Trying to live lightly solely off solar power is made much more difficult with an LCD television.June 19, 2012 3:07pm
We try to live lightly in our place.
We are not connected to the power grid and manage on the solar system with the generator for back-up when wintry skies reduce our energy from our friend the sun.
It is very interesting being able to monitor what appliances drag the most energy from our system.
We don’t have a fancy gadget to tell us what is going on. We just have the percentage read out on the inverter that tells us what the energy levels are in the batteries.
But our information might help you to save energy.
We used to have a tiny telly – about a 30cm-wide screen.
We rescued it out of our caravan when it and the four-wheel drive flipped and wrote themselves off.
That little telly was great. Worked a treat in spite of its mishap.
But, hubby does like to watch DVDs. He’s a movie buff. We have - no, he has - about 500 DVDs.
One miserable winter’s day I came home from work and there were big cardboard boxes beside the recycling bin in the shed. (There’s another living lightly hint – recycling wet cardboard through a log maker to keep the home fires burning. These boxes will make a lot of logs.)
Inside, I found a thumping great TV.
I sensed a battle, but apparently it will make our rainy days more enjoyable watching movies together and sipping hot chocolate.
He said he bought the energy efficient LCD. It is next to my piano that has retained its embodied energy for almost 100 years and provided lots of entertainment using only human energy.
Another living lightly hint: entertainment of yesteryear – non-electric music.
The TV got set up and hubby began to watch. I checked the power levels in the batteries.
The weather has been lousy, but the generator kicked the power up to 93 per cent. I stoked the fire and made the hot chocolate.
Two movies later I checked the batteries - 79 per cent. This was bad. Charge shouldn’t really go below 85 per cent. It isn’t good for the batteries.
Oops. It usually takes two or three days worth of energy without recharge to drop to this level.
We operate a fridge, lighting, vacuum cleaner, computers, hubby’s electric toothbrush and a few other appliances.
Never before has the power dropped liked this. It clearly demonstrates the big draw on energy these latest TVs have.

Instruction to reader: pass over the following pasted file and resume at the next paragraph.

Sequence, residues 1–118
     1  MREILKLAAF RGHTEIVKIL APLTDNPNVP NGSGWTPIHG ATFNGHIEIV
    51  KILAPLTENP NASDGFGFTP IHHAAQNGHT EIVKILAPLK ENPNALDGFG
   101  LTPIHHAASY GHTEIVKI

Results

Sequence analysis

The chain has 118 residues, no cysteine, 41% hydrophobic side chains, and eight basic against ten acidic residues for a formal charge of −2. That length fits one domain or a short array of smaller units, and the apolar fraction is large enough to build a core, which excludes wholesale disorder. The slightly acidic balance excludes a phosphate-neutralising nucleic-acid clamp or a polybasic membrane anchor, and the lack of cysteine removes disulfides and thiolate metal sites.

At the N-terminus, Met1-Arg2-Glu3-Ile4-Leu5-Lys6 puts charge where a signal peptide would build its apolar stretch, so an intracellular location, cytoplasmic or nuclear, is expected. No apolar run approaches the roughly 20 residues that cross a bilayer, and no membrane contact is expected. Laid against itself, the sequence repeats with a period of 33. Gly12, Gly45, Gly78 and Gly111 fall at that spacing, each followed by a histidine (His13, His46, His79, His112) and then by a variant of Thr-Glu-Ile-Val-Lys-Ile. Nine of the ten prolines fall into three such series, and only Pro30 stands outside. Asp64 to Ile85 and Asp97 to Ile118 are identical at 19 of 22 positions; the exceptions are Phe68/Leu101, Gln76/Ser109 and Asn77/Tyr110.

You can tell by the amount of heat that comes off them.
We must turn it off at the wall every single time to save energy. The battle is on.
I agree to using it very sparingly, but I get to watch the footy. That is my concession to having this thumping great TV.
It is fantastic to watch the footy. Another compromise - but I am working on an exercise bike that will generate the power to watch the TV. I’ll keep you posted on that one.
Healthier me, healthier planet.
Neighbourhood Watch Week will start with a sizzle — a sausage sizzle to be precise — at Sevens Creek Dve in Kialla.
Victoria State Emergency Service (SES) and other emergency services are preparing for the next round of wild weather in the north-east.
It was clear blue skies last Tuesday for the official launch of the Gargarro (pronounced Ga-gar-ro) Botanic Gardens in Girgarre.
SNAKES will be coming out of hiding as the weather warms up.
KATH Bubb has been recognised for 50 years of service with the Ballendella Red Cross.
IT EXPERTISE in Kyabram has received recognition after Advance Computing won a Microsoft Australia Partner Award in the excellence in regional area customer category.
Seymour A and B-grade in season decider
Extensive rainfall in the Southern Riverina is having a negative impact on farming.
McIvor Creek – in and around Heathcote – has gone over its banks with all our recent rain, flooding streets and causing closures and detours.
Yarroweyah's Katie Anderson will be heading to Wisconsin in the United States after winning the Dairy Youth Travel Scholarship.
After a 30-year career as an accountant in Deniliquin, Peter Skipworth officially retires today.
Tuesday, August 16
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